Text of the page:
Protect Pennsylvania From Coal Plant Pollution

smoke_stack_by_zachary_scott-singley

Target: Gina McCarthy, Administrator of the Environmental Protection Agency

Goal: Reduce air pollution from a huge, dirty Pennsylvania coal-fired power plant.

Coal-fired power plants produce a huge amount of air pollution in Pennsylvania, and the state recently finalized a new rule that will limit the amount of smog-inducing emissions from these plants. However, one huge power plant has been completely omitted from the plan, leaving it as the only remaining coal plant in the state without modern pollution regulations. Unless this loophole is amended, Brunner Island, a large power plant in southeast Pennsylvania, will continue to produce excessive air pollution that reaches as far as Philadelphia.

In 2015, there were twelve alert days for smog in the Philadelphia region during which citizens were urged to stay indoors due to an increased risk of breathing problems. Air pollution can have serious health risks for the people who are exposed to it, as excessive smog can lead to respiratory and cardiac problems. Breathing polluted air for the long term results in significant lung damage which can lead to asthma, bronchitis, and emphysema, as well as an increased susceptibility to the flu and other illnesses. Children, the elderly, and those with respiratory illnesses are especially vulnerable, but exposure to air pollution can ultimately shorten anyone’s life span.

Pennsylvania’s new safeguards have the potential to reduce NOx emissions from power plants by up to ninety percent, but will only be efficient if they cover every large coal plant in the state. Brunner Island contributes to a huge amount of smog in the Philadelphia region, and if the plant cannot be shut down it should at the very least receive the same regulations as other power plants in the state. Brunner Island should be held to the same reduced level of air pollution as all other similar plants, and should not be exempt from the new plan’s requirements.

The millions of people in southeast Pennsylvania deserve to breathe clean air and have their health protected. Sign the petition below to demand that the Environmental Protection Agency take action to amend this mistake in Pennsylvania’s new plan and ensure that Brunner Island reduces its pollution levels.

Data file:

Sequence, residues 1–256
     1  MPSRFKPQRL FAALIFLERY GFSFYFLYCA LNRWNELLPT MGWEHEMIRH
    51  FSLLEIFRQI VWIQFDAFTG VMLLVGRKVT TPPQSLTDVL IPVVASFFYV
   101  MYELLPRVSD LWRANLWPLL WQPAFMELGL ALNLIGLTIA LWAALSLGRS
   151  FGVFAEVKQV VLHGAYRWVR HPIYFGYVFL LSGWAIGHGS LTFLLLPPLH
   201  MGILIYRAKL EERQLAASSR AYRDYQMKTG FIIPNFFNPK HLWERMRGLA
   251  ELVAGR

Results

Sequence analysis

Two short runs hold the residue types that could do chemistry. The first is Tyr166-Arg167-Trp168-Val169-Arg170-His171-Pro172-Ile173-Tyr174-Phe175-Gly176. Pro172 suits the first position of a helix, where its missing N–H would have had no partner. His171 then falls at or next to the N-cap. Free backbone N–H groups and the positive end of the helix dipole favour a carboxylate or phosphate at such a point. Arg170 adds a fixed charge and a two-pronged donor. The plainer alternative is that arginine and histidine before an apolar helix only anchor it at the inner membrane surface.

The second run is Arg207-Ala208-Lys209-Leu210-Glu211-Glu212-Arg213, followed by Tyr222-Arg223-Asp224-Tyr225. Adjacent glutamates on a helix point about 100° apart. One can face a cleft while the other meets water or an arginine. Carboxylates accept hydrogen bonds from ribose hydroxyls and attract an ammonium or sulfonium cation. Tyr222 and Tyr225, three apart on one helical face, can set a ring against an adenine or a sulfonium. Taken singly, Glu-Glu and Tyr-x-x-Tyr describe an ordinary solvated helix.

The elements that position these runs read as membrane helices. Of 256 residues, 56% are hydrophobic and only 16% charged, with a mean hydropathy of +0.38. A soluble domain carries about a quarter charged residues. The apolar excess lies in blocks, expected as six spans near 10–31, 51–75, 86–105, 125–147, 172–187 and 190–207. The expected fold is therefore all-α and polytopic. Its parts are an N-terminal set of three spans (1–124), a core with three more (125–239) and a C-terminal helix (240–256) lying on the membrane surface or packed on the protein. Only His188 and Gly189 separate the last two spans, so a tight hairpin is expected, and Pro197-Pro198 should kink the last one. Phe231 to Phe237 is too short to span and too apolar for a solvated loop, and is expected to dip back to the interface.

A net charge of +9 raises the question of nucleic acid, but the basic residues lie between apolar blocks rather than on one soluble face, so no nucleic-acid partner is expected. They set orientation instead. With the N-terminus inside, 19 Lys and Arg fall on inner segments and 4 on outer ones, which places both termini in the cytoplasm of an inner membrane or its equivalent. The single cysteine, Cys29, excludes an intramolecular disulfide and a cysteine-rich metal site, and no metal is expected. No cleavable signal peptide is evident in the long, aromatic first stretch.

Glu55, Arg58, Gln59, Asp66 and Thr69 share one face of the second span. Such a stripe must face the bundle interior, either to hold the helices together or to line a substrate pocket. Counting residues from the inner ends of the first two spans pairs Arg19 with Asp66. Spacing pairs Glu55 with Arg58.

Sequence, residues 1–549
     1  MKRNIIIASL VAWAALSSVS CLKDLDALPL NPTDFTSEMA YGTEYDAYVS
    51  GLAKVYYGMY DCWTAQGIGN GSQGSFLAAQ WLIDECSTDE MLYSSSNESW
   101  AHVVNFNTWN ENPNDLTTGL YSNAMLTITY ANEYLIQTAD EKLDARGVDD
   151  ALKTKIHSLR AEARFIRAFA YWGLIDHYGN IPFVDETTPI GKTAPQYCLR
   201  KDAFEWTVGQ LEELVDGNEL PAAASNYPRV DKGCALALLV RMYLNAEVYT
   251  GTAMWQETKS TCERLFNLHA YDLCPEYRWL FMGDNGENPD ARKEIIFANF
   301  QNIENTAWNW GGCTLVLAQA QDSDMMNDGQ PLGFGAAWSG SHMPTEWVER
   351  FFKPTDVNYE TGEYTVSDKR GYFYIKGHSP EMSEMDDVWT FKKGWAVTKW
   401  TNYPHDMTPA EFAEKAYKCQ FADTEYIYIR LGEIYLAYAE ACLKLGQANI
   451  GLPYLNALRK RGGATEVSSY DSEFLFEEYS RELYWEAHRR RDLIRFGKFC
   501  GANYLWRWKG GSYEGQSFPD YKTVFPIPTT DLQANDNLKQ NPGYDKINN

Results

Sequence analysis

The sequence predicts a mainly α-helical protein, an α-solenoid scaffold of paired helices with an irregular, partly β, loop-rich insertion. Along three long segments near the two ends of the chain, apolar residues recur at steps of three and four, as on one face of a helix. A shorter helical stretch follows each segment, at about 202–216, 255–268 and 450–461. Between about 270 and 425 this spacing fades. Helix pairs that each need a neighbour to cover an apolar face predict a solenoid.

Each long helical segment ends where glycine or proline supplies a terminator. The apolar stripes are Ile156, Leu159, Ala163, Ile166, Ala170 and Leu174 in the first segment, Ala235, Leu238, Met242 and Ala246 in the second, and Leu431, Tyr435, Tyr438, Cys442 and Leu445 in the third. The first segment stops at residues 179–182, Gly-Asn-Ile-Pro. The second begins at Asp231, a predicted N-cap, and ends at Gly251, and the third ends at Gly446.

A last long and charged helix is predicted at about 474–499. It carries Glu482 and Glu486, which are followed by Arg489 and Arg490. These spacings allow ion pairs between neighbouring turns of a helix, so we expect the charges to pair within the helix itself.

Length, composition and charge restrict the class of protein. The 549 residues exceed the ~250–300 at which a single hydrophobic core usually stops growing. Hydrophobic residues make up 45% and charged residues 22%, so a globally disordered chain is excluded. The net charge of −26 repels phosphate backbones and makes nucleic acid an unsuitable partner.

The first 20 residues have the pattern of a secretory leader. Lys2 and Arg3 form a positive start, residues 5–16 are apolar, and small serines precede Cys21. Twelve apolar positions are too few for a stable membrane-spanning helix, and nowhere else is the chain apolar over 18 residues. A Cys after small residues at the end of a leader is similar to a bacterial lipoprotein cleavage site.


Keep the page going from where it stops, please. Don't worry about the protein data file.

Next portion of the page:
PETITION LETTER:

Dear Ms. McCarthy,

Due to an omission in Pennsylvania’s new plan to reduce power plant pollution levels, the coal-fired power plant at Brunner Island is being held completely exempt from the new safeguards. This huge coal plant in southeast Pennsylvania will be the only remaining power plant in the state without modern pollution regulations, and this loophole must be amended.

Brunner Island produces excessive air pollution that reaches as far as Philadelphia. In 2015, there were twelve alert days for smog in the region during which children, the elderly, and those with respiratory illnesses were urged to stay indoors. Smog can have serious health risks for the people who are exposed to it, often causing respiratory and cardiac problems which can lead to asthma, bronchitis, and emphysema. The millions of people in southeast Pennsylvania should not have their health at risk and their life spans shortened due to excessive air pollution; they deserve to breathe clean air.

I am urging you to amend Pennsylvania’s new pollution plan and ensure that the Brunner Island Power Station is held to the same standards as every other coal plant in the state. Please take action to reduce the amount of air pollution from this power plant, and protect the health of Pennsylvania’s citizens.

Sincerely,

[Your Name Here]

Photo Credit: Zachary Scott-Singley

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